The “Princess Effect” Part Two – or – I’m flippin’ my wig…

When you live overseas, gifts from family back home are like treasure.

Early this week, a treasure arrived as Gramma Sheila sent a beautiful lavender sparkly Rapunzel dress and golden braid wig to Lulu.  She immediately tried them on and loved them.  So did I.

For the first day.


(Above is Lulu – aka Rapunzel – day one)

She traipsed around and acted dainty and sweet.  Making Scotty and me pretend to be Flynn and Mother Gothel – yes, I hate to admit that I’m rather good in the role Mother Gothel. “Mother knows best…”  (If you haven’t seen the movie, “Tangled,” you really should. It’s that cute.)  And Lulu was being pretty cute too.   The dress was a little loose around the shoulders, but we fixed that with a couple of safety pins.  The wig was a little big and wobbly held in place with only two small combs.  But I braided her hair around her crown and that seemed to do the trick.  Lulu even begged to sleep in her costume that night, but I held firm and she settled for the dress and wig to be carefully draped on her guest bed in her room.

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(Above are “Tangled’s” Rapunzel and Mother Gothel)

Day two.  Lulu woke me up waaay early before she had to get ready for school, demanding to put on the dress and the wig.  I usually don’t let her play games or do activities before school, but since this was the first morning since she’d received her prized costume, I let her wear it if she promised to take it off nicely when I asked. And surprisingly she did.


(Above is Lulu – aka Rapunzel – day two)

After school,  Lulu proclaimed she immediately must be “re-dressed like Rapunzel!”  I slid the dress on her easily.  Scotty even sewed on some purple ribbon in the back to cinch those loose shoulders up.  But the wig was a different story.

“Too loose!” Lulu screamed shaking her head side to side making the braid crown teeter.

“Fix it! NOW!” she ordered.

Even with a handful of bobby pins, I can’t make it perfect.


(Above are the bobby pins and the wig. It’s not on Lulu’s head because she has run off crying and screaming)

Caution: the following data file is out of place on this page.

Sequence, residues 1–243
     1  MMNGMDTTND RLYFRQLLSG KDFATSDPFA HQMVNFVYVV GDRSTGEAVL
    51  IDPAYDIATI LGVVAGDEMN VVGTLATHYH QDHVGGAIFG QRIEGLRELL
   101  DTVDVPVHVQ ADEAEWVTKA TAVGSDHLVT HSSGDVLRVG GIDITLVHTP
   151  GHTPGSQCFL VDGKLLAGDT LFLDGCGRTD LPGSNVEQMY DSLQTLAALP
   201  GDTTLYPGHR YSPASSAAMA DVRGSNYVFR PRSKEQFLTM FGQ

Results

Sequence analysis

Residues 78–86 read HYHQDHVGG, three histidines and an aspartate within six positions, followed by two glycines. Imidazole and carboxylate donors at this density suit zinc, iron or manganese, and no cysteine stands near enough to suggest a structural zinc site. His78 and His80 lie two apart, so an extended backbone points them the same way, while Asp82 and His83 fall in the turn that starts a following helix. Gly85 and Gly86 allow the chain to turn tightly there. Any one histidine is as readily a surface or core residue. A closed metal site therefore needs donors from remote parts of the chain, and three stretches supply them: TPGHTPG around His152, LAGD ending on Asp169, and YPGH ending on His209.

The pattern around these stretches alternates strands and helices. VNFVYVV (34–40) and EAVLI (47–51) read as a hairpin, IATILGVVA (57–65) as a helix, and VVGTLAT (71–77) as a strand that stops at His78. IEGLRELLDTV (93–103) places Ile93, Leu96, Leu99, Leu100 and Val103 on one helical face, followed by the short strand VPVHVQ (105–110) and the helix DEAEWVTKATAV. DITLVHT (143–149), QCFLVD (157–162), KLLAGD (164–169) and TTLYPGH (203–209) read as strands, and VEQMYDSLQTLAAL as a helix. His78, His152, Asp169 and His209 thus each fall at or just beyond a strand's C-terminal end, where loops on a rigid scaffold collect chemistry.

You see, the braid is mounted on hard plastic in a wide circle.  It’s too big for a child and not flexible at all.  Normal bobby pins just can’t really reach from the braid to the intended wearer’s head to properly secure it.

So it kept jiggling.

And Lulu kept freaking.





(Above is Lulu furiously huddled on our steps in the dining room and yelling at me to “FIX IT AGAIN” after I said I think the wig should have a time-out)

A while back, I wrote an essay defending what is being batted about as the “Princess Effect” – here’s that essay, if you’re interested.  While some complain that it’s dangerous to encourage little girls to pretend to be little princesses, I was all for it.

I may still be, but now minus the |@#$%^!@ wig.


Ciao, tutti!

P.S. please, oh, please – tell me parents – of that gift you were first so delighted to see little Junior get – only to completely wish it had never crossed your home’s threshold later..  I am misery and I need company!  😉

P.P.S for more stories of Lulu with plenty of her unique brand of tantrums and freakouts, US Preorder sales are NOW underway for my upcoming book, “Because I’m Small Now and You Love Me”! Click here to check it out!



6 thoughts on “The “Princess Effect” Part Two – or – I’m flippin’ my wig…

  1. Oh Gina! Just stay away from Furby! Has multiple personalities. Goes to the dark side often. We either have to talk nice and carress it for more than five minures to make nice, or hide it in the bathroom cabinet until it goes back to sleep. Freaks her out!

    Clothing that doesn’t feel just right is a daily battle. She is most happy in her underwear.


  2. I don’t remember any toys that I wanted to get rid of, but I do remember there being controversy around letting our little boys have guns! I can tell you first hand that little boys and the love of guns is an innate behavioral characteristic. Before Evan had even received his first play gun, he could make a gun out of anything. Once I remember he had a half of peanut butter sandwich, which he had taken a few bites out of and low and behold it was in the shape of a gun. ( I may have not noticed this except he was pretending to shoot fire from it) I can also remember the crab legs he used at Red Lobster to point and pretend to shoot those around us. So, even when little boys do not have a
    toy gun, they will make guns out of anything. Over the years, Evan did accumulate his own little play arsenal. I’m happy to report to those who were so terrible concerned about the play guns and little boys….my little boy is now 20 and turned out just fine. So, with that being said, let little boys be little boys and little girls be little girls. It will all come out in the wash!


    1. Love the image of the crab leg and sandwich “guns!” Sheesh! Lulu has a lot of boy friends and yes, it’s interesting to watch the instinctively different ways they approach play. Thanks so much for reading – and commenting – and most of all, for reassuring me that it all comes out in the wash!


  3. Ummmm…gotta go boys vs girls here and say WEAPONS! I held out as long as possible, but then you have to ask yourself if your boys are at an unfair disadvantage in weaponry and all around battle training. Once you have a fairly real looking weapon it’s only a matter of time before it’s used inappropriately and must be hidden (sometimes indefinitely). Of course anything can be used as a weapon, but our king with his medieval fair wooden sword is truly invincible!


  4. Funny you should mention weapons.. as she’s sitting here this morning in her pirate patch – with the dagger on the table next to her – that she got from your son’s party! 🙂


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